At times it’s a little tough to identify a thought going through your mind. So, an additional way of identifying the automatic thought is to look for the meaning of the situation. In Beth’s instance, if she were unable to identify any obvious thoughts she might ask herself, “What does it mean to me that Richard didn’t invite me? Perhaps it’s that I’m worried no one likes me.” The thought “No one likes me,” is the hidden meaning her mind has designated to this event.
Another way of uncovering more hidden thoughts is to ask yourself, “What’s the worst part of this, and why?” Here the answer might be that Beth believes she never gets invited to anything, and that’s painful because she concludes that it means no one likes her.
Finally, if these methods don’t deliver you results, try to identify the emotion and then work backward. There are many reasons why different emotions arise. For instance, anger is usually a response to mistreatment of ourselves or someone we care about. Had Beth felt anger after seeing that Richard had not invited her to the get-together, she could have A) identified her anger, B) determined that it was probably a reaction to some perceived mistreatment, then C) formulated a thought involving being mistreated in the situation.
She might have uncovered the thought “Richard isn’t treating me as he should because I’ve always been a good friend to him.” By using the emotion as a clue, we can play detective in discovering the mystery of the missing automatic thought.
Identifying automatic thoughts using ‘The Thought Record’
A thought record is a tool you can use to clarify the thoughts responsible for unwanted feelings and behaviours. In this article you will be introduced to a basic thought record, which can help you develop your metacognitive ability.
Using a thought record is a skill that can help you identify and clarify the thoughts that are leading to more problematic emotions. By practicing identifying automatic thoughts in challenging situations, you develop and strengthen the skill of metacognition. With some practice, you can gain the ability to quickly identify dysfunctional automatic thoughts in the moment, and get some distance from them to lessen the intensity of your emotion. The button below links to an example of a completed thought record.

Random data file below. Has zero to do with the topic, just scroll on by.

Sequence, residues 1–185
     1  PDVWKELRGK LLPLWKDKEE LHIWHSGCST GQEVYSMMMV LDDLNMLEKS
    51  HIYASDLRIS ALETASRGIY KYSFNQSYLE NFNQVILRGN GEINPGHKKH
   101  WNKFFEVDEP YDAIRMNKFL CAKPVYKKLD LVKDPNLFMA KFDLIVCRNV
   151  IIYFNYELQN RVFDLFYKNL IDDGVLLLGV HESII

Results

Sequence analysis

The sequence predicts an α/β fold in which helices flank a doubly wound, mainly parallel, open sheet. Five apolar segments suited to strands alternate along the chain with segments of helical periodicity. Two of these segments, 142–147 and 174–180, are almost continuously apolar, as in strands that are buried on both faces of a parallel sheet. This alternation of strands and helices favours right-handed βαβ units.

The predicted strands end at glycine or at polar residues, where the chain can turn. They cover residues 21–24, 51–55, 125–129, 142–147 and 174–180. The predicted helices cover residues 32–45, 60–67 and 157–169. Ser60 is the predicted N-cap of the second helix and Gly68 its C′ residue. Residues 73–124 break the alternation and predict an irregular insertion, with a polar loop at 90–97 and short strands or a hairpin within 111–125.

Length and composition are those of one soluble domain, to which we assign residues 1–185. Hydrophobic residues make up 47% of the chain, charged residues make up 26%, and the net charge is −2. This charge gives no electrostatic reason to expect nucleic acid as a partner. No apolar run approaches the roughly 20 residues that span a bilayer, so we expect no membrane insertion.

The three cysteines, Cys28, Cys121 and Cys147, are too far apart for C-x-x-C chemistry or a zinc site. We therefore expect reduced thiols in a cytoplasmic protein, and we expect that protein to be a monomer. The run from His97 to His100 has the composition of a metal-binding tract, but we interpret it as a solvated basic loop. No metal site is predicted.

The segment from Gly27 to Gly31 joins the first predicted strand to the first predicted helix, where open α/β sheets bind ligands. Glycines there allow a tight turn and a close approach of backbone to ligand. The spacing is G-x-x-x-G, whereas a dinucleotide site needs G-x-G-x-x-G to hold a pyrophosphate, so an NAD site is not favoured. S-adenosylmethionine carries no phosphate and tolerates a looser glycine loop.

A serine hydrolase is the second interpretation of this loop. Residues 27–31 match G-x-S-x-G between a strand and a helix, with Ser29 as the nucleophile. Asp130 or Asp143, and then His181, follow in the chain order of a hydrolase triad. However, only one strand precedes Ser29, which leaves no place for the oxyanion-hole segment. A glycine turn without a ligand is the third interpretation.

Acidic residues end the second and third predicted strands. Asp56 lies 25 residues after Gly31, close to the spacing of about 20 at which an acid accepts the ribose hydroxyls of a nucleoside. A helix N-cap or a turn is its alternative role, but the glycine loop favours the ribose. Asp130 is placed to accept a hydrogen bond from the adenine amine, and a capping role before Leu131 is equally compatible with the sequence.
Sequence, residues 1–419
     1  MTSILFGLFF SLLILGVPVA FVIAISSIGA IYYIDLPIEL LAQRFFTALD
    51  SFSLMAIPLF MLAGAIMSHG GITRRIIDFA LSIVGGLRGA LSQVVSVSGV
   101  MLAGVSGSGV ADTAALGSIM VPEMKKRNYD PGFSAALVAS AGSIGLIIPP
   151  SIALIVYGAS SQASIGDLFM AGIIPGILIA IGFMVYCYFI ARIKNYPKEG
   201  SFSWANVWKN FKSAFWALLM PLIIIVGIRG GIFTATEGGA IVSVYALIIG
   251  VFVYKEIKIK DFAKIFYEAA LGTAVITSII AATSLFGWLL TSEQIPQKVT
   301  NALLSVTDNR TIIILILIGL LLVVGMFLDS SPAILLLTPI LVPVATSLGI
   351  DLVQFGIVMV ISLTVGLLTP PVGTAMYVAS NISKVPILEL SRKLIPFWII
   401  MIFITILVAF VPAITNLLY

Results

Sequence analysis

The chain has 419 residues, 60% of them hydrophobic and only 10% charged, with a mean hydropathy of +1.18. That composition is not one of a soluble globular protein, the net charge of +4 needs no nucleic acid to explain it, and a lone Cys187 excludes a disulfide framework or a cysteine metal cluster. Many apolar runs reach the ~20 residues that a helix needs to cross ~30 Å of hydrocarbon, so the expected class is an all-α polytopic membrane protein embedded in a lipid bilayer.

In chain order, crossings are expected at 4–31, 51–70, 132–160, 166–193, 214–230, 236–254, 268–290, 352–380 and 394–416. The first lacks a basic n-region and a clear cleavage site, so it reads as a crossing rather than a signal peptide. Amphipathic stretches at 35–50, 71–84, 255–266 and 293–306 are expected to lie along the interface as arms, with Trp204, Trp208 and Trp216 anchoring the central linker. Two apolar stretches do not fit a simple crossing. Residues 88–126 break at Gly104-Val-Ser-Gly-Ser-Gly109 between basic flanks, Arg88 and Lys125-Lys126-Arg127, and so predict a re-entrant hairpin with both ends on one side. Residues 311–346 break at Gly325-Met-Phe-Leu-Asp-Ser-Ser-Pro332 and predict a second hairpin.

Instructions for Completing the Thought Record:
It’s best to complete a thought record about a difficult situation, or one in which you feel a lot of negative emotion. Thought records work best when they’re completed close to the event. It’s also helpful to have a little distance from the intensity of the situation so your thoughts aren’t completely clouded by overwhelming emotion. Complete the following steps to get the most out of the thought record:
1. Identify the situation in one sentence or less. Make sure you do so as objectively as possible without editorialising. For example: I said, “Hello” to Samantha, but she didn’t respond. Not: I said, “Hello” to Samantha but she ignored me because she hates me.
2. Skip to the Emotions column. It’s easier to identify emotions then work back to the thoughts. Identify any emotions you felt at the time. Don’t get emotions confused with thoughts. Emotions are one word, and are usually some synonym for joy, fear, sadness, disgust, or anger. Feel free to identify as many or as few emotions as are present at the time.
3. Rate the intensity of each emotion on a scale from 0-100. It’s not an exact science, so just go with your gut on this one.
4. Identify the thoughts running through your mind at the time. Thoughts can be words, full sentences, or images. If you have trouble remembering, consider each emotion you identified in the previous step, then work backwards to figure out what thoughts led to that emotion. Rate how much you believe each thought on a scale from 0-100.
5. Complete one of these each day. At the end of the week, you might find that you have the ability to gain a little distance from your thoughts in the heat of the moment. That is metacognition in action!
Complete at least three or four of these thought records before moving on to the next module. As indicated above, it’s best if you can fill one out each day, as the next few chapters build on your ability to complete a thought record well.
If you would like help to identifying automatic thoughts and reduce anxiety and stress, get in touch to see how hypnotherapy for anxiety could help you. Sessions are available online and face to face.